Use any cliche you want about time passing quickly and you’ll find that it is true, even truer than you thought. I came to Paris what seems like yesterday and what was, in fact, a month ago. What I have been doing is what I want to share.
Paris, like any large city, has a huge immigrant community. Ukrainians here number about 400,000, about 60% of them without papers. The men work in construction and the women as domestics. The community is secure enough to be able to celebrate its own presence and stable enough to have two parishes, one in the very center of the city and the other just outside.
Two weeks ago Ukraine celebrated its independance day, most recently from the Soviet Union in 1991. In a small but significant ceremony in the garden of the Cathedral of Saint Volodymyr on the Boulevard St-Germain, flowers were laid at a monument to one of Ukraine’s great poets Taras Shevchenko, the national anthem was sung and food and fellowship followed, then to be followed in turn by prayer.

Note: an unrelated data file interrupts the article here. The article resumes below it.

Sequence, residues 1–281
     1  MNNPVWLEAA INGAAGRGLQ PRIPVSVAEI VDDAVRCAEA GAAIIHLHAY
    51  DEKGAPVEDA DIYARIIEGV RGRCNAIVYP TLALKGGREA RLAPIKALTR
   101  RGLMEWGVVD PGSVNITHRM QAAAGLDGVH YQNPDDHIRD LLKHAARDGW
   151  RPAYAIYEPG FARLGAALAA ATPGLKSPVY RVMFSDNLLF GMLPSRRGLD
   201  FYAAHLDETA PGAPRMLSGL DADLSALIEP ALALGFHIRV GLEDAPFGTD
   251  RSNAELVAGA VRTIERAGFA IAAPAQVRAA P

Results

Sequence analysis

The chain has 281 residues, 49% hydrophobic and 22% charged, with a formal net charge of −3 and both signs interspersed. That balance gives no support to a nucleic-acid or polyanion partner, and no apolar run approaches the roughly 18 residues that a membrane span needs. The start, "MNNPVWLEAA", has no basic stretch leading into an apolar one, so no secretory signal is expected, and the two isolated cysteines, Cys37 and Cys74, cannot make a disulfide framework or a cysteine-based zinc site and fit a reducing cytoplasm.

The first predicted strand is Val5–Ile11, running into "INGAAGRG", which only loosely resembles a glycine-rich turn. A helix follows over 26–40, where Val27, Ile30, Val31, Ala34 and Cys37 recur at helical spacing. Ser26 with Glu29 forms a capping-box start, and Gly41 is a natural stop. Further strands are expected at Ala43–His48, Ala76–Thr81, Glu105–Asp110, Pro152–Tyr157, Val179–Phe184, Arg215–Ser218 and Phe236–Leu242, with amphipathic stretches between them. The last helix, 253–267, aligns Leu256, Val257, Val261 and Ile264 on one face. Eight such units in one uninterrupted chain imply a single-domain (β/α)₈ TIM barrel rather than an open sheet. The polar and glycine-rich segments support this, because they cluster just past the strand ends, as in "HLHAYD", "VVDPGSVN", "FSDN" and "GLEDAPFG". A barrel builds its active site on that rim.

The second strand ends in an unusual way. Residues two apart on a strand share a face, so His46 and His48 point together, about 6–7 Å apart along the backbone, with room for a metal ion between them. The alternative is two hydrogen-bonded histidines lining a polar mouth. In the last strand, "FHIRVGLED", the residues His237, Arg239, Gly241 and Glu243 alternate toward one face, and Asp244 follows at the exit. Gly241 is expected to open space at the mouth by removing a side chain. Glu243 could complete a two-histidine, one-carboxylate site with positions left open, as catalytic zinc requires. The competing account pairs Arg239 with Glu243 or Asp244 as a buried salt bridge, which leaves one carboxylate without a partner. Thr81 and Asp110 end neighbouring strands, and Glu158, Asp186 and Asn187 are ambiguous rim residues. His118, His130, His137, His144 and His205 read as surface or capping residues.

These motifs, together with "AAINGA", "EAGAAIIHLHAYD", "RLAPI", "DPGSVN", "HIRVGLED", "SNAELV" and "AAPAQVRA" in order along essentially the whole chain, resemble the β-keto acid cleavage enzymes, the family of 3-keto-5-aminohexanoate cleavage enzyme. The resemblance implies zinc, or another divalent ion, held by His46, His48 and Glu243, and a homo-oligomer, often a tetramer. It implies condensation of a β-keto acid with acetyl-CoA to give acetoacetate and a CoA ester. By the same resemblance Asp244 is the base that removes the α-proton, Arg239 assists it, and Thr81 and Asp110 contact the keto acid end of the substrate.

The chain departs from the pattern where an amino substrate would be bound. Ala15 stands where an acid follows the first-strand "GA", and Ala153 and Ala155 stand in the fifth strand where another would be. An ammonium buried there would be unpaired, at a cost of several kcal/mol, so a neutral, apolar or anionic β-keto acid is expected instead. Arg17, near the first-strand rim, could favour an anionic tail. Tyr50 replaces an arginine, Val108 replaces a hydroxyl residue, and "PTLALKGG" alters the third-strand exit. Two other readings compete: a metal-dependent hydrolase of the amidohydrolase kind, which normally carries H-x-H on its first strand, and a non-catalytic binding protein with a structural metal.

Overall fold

And then something quite beautiful made possible by the internet. We, here in Paris, at 5 o’clock, took our turn in singing the Ukrainian prayer equivalent of “God bless America”. The hour before it was sung in the Cathedral in Kiev and an hour after us it would be sung somewhere else circling the globe with prayer and hope for the future of Ukraine.
If there is one outstanding virtue of this people it is hope. They know what they have endured and still their faith gives them hope. In charity we can join them praying that peace comes to them as it should to everyone, especially the Peace that the world cannot give itself.
Fr Michael Perry